This book is impressively detailed, showing women's experience of demobilisation and the aftermath of armed conflict - an often neglected area of military study relating to women - as well as their feelings about morality, their male counterparts, uniforms, duties and a slew of other subjects.
This book is the result of a bold and innovative research project funded between 1999 and 2002 by the then Arts and Humanities Research Board, with further funds provided subsequently by a number of scholarly institutions. The preface further acknowledges the support of a glittering array of scholars, not least Geoffrey Parker who read through the entire draft.
The First World War Poetry Digital Archive was launched in late 2008. The site comprises a substantially revamped version of what was previously the Wilfred Owen archive and includes Oxford University’s virtual seminars for teaching literature online series.
Introduction: trauma, modernity, and the First World War
Historians of nursing in Britain have long been fighting for a place in the history of medicine. For example, of the 718 pages of text in Roy Porter’s best-selling The Greatest Benefit to Mankind, only five are concerned with nursing, and these, inevitably, with Florence Nightingale and 19th-century hospital reform.
The First World War was a terrible experience that most soldiers were shocked by once they became active participants. How were soldiers’ able to cope with the grim realities of this war? How were they able to keep going in spite of losing close friends and comrades in one battle after another?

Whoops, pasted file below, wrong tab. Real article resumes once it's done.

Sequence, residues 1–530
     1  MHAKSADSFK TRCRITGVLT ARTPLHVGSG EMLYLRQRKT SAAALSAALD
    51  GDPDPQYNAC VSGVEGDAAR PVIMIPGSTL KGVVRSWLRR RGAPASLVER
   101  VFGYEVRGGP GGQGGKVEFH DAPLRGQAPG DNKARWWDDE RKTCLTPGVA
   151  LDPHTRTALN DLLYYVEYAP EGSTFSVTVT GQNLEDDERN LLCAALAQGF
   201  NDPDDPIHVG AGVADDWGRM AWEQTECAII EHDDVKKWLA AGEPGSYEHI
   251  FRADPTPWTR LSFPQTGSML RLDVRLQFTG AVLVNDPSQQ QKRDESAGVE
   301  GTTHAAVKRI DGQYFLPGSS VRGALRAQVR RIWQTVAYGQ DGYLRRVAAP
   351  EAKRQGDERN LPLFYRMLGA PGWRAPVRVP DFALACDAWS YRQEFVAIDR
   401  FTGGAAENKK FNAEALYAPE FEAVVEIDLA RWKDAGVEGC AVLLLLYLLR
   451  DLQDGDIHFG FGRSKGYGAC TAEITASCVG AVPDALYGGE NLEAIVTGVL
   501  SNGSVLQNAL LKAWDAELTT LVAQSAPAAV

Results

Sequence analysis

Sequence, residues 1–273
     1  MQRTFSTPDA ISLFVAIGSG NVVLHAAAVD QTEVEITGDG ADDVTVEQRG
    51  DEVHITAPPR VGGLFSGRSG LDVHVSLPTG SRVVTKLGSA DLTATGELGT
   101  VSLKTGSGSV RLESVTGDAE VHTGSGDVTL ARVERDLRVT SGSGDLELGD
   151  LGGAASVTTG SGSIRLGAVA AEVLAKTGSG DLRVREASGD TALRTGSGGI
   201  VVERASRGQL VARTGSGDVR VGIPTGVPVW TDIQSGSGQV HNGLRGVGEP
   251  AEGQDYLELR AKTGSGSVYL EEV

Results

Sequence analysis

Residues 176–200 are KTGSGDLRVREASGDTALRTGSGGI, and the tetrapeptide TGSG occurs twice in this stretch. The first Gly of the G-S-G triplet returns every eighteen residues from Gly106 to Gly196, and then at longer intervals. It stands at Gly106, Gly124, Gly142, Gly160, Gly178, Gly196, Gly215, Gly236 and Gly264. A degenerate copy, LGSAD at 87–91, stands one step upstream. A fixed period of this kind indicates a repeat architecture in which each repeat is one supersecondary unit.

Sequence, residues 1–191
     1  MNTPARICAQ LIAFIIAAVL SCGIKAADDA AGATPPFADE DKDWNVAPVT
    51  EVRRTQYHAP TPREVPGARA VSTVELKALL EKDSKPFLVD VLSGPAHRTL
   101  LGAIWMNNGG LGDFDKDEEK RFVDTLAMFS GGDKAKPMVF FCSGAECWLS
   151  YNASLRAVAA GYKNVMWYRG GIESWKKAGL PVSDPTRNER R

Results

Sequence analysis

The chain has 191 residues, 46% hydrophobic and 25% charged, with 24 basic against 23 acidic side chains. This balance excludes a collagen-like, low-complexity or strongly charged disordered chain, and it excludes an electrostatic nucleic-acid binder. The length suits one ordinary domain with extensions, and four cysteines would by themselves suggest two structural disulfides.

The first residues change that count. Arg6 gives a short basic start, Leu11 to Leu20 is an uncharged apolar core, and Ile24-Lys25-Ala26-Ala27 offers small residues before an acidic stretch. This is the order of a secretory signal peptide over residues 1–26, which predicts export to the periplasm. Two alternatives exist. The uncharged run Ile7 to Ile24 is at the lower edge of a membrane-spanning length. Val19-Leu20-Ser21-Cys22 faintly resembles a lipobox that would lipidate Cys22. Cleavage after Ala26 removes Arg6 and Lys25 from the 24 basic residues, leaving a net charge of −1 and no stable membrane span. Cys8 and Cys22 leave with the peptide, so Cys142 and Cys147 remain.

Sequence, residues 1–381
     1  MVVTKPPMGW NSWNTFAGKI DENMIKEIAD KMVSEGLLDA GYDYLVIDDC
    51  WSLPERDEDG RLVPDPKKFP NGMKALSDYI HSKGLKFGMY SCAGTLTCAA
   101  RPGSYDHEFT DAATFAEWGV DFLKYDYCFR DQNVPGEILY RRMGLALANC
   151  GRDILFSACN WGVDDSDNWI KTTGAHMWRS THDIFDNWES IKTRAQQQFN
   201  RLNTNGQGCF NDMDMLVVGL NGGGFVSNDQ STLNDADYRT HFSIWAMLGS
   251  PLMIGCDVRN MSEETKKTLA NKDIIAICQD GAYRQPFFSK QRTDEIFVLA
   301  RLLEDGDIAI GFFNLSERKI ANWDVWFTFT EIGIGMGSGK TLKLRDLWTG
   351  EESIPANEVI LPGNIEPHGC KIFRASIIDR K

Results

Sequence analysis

Rachel Duffett has written a fine social history of British rank and file soldiers, or rankers, and their experiences of food during the Great War. She states, ‘The ranker’s relationship with food was a constant thread, woven throughout his army experience … every day, wherever he was, a man needed to eat’ (p. 229).
‘It is astonishing’, states Panikos Panayi in the opening sentence of his monograph, ‘that almost a century after the outbreak of the First World War, no academic study has yet appeared upon the experiences of German prisoners of war in Britain’ (p. 1).
The deluge that is the centenary of 1914–18 war is upon us. As the commemoration period rolls on over the next four, five or even more years – the centenaries of unveiling war memorials will take us well into the 2020s – the number of books, newspaper, magazine, TV, radio and online contributions is already greater than any one person might hope to keep up with – even should he or she wish.
In his classic thriller Greenmantle, first published in 1916, John Buchan describes his hero Richard Hannay’s first encounter with his adversary, the German officer Colonel Ulrich von Stumm, in a fashion which hints at a hidden strain of sexual deviance within the German armed forces: